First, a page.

Acrylic with airbrush and oil on paper.
Painted surface 49 x 31 cm (19.29 x 12.2 in ) in a format of 70 x 50 cm (27.56 x 19.69 in)
Year of realization 2015
Signed on the bottom right of the piece.
Work done for the third book of Malefic Time trilogy, Akelarre. Published inside the autor's book, page 66-67. Edited in several languages and distribuited internationally.
"She is immersed in the swimming pool. She trembles, she convulses. The fevers are too much for a body to endure. The surface of the pool starts to ripple with black larvae that look like leaches. The entire pool is infested with them. They float up from the black depths of the stagnant water. They soon start to swim in Luz’s direction. The Moon Words are standing on the edge of the swimming pool and try to pull her out. The old Yokai tears off some of her wrinkled mantles and immerses herself in the water, leaving her rags floating on the surface and luring the worms towards her. As they touch the pieces of cloth, they float away dead.
Luz opens her eyes with difficulty when they yank her out of the water."
Malefic Time, Akelarre.
Figurative painting, it seems, is destined to be contemporary art’s perennial sidepiece: always available for a fling, never for very long. The last time one could admit to a passion for it without committing social suicide in the art world was probably around 2003, when the painter John Currin had his midcareer survey at the Whitney Museum of American Art, in New York. Currin, known for injecting new ideas into age-old images of the body, was handsome, successful, and youthful. His peers were also of the moment: Elizabeth Peyton palled around with Marc Jacobs, and George Condo bedeviled collectors with lewd portraiture. The year before Currin’s retrospective, an exhibition curated by Alison Gingeras at the Centre Pompidou, in Paris, “Dear Painter, Paint Me…Painting the Figure Since Late Picabia,” had opened to acclaim. As the critic Roberta Smith observed in TheNew York Times, “reports of painting’s death have been exaggerated for about 30 years.”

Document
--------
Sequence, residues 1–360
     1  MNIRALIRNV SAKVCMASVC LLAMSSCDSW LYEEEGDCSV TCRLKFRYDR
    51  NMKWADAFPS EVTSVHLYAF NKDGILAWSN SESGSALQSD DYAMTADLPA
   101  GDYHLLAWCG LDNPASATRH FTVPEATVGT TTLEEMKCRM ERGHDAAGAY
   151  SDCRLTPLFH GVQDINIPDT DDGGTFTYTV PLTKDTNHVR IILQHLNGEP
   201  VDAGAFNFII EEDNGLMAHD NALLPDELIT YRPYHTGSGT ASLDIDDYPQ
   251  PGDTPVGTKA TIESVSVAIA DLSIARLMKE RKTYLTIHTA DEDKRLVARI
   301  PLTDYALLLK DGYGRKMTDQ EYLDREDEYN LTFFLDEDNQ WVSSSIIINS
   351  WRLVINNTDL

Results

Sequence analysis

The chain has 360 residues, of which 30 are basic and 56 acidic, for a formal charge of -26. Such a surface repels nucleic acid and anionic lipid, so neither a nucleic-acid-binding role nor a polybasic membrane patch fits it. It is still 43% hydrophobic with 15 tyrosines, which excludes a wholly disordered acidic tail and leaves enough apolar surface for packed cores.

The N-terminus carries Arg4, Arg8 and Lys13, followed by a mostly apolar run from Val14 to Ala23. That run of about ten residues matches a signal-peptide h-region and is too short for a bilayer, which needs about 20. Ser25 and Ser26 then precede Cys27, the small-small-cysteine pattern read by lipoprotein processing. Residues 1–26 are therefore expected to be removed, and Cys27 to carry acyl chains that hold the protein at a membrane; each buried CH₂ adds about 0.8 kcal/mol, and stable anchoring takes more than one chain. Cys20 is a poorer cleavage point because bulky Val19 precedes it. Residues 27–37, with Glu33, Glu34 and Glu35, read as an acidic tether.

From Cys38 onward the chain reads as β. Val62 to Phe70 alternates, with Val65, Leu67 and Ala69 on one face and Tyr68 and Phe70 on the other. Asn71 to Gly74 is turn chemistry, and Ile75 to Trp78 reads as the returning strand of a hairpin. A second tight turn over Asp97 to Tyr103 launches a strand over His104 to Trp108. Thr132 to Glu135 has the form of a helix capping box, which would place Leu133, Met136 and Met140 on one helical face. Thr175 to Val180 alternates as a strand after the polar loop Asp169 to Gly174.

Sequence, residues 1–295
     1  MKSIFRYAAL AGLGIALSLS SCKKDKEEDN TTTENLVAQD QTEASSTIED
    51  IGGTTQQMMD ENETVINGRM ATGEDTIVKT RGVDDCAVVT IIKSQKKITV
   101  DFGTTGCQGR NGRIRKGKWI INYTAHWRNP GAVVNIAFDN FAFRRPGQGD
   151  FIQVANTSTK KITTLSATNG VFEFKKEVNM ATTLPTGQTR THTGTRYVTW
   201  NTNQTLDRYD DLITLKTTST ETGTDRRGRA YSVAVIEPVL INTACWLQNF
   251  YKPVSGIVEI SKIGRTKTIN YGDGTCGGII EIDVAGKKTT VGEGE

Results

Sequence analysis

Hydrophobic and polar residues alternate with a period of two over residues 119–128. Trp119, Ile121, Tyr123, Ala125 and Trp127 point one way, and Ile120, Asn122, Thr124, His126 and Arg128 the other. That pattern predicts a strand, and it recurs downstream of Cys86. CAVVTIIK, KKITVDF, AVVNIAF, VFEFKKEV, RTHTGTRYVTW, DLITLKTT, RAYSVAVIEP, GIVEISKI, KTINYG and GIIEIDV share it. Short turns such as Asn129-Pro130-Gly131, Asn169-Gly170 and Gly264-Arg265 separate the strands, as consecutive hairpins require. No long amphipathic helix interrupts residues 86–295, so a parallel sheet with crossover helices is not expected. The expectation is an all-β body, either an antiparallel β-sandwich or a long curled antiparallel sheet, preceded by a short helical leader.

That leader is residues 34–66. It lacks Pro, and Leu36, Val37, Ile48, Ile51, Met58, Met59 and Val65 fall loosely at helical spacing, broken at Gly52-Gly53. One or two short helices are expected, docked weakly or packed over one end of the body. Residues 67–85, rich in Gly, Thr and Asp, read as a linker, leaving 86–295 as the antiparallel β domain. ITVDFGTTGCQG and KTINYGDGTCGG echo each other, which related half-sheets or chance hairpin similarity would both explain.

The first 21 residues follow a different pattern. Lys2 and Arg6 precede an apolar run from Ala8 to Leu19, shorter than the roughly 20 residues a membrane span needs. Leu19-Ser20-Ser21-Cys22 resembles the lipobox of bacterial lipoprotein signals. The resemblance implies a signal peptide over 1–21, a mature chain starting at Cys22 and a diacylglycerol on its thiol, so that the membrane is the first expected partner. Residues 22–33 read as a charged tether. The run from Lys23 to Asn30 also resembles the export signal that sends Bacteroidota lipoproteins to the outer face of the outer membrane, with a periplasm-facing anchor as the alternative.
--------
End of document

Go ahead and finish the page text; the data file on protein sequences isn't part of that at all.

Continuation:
“The body in crisis is increasingly present in our daily lives,” notes MoMA PS1 curator and associate director Peter Eleey, who headed up the “Greater New York” 2015 curatorial team. “Whether it’s in reference to the refugee situation”—he didn’t specify which one, but there are plenty—“or the way the media is processing Black Lives Matter, abstraction has been comfortable—for us. But it doesn’t give shape to the discomforts and questions that I think a lot of us are grappling with.” Deitch seconds that, adding, “This is not a time when a ponderous Mark Rothko painting about myth is relevant.” He ventures that figurative painting allows for more-diverse cultural content—clothing, skin color, setting—than abstraction ever can.
W - Fan Zhong